How to Turn On a Keyboard on an iMac

by Christina Hadley ; Updated February 10, 2017

The generation of iMac computers introduced in 2011 comes with some new features, including a wireless Magic Trackpad and sleek aluminum keyboard that operates without a physical connection to the iMac. Although these components don’t require physical wiring, they still need a source of power. Ensure your wireless keyboard has the power it needs when the keyboard's green light is not illuminated.

Turn on the iMac. Press the power button on the keyboard. Apple pairs the wireless keyboard with the iMac for your convenience. All you need to do is turn on the computer and keyboard – the devices should interact automatically. When the iMac is on, you will know there’s a problem if the keyboard remains off after you press its power button and the green LED fails to illuminate.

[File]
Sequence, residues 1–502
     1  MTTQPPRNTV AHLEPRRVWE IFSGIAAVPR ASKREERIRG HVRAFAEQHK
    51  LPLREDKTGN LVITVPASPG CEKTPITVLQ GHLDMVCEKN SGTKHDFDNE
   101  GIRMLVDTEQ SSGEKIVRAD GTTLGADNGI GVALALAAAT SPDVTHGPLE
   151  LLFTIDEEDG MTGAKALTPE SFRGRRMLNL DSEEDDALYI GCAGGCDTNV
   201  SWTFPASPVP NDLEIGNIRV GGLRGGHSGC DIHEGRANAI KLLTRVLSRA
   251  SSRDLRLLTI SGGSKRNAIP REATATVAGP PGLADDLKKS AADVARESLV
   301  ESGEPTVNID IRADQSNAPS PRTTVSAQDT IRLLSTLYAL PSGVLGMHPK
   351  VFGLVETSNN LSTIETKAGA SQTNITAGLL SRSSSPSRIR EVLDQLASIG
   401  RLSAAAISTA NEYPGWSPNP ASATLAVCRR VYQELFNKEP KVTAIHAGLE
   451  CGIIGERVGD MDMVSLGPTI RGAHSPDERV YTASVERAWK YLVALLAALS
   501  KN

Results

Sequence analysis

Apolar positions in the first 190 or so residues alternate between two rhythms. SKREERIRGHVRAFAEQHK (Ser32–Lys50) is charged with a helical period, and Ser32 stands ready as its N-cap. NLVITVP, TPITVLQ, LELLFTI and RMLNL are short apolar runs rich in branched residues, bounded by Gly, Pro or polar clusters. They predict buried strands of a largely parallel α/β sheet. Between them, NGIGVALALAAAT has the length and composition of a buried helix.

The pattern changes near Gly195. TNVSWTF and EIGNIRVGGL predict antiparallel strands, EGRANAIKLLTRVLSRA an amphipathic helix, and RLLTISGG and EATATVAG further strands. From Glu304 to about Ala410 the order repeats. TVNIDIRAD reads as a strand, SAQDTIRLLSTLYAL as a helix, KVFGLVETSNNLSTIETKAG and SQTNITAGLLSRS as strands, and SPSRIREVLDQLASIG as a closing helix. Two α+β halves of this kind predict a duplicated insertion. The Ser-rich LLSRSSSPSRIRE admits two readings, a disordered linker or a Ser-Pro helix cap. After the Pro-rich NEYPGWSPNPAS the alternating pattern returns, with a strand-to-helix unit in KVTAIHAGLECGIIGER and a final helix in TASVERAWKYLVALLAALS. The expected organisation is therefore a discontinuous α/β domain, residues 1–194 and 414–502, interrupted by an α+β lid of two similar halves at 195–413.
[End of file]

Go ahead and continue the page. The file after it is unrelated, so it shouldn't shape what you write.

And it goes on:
Pair your keyboard with the iMac if the keyboard's green LED is blinking – that’s an indication that the keyboard is in discoverable mode and needs to be “paired” with the iMac. Open your "System Preferences" menu with your mouse and select "Keyboard" in the "View" menu to set up the Bluetooth connectivity, if necessary. Then, press the power switch on the keyboard to see if the device will remain on.

Replace the keyboard’s batteries to restore its functionality. If the keyboard's power switch has no effect, even though the computer is turned on and paired with the keyboard, inserting fresh batteries may correct the problem. Find a coin that fits into slot on the keyboard's battery compartment cover and use it to unscrew the cover, turning counterclockwise. Slide the expired AA batteries out and replace with fresh batteries, making sure you insert the positive terminal of each battery first. Close the battery compartment cover by screwing it back on.

Press the keyboard's power switch after installing fresh batteries and look for a solid green light. If the LED illuminates, your keyboard is on and ready to use.

About the Author

Christina Hadley holds a Bachelor of Arts in design. She writes copy for an assortment of industries. Her work also appears in the "Houston Chronicle" small business section. Hadley is a UCLA-certified computer professional. The British Museum recently featured one of her digital images in an exhibit.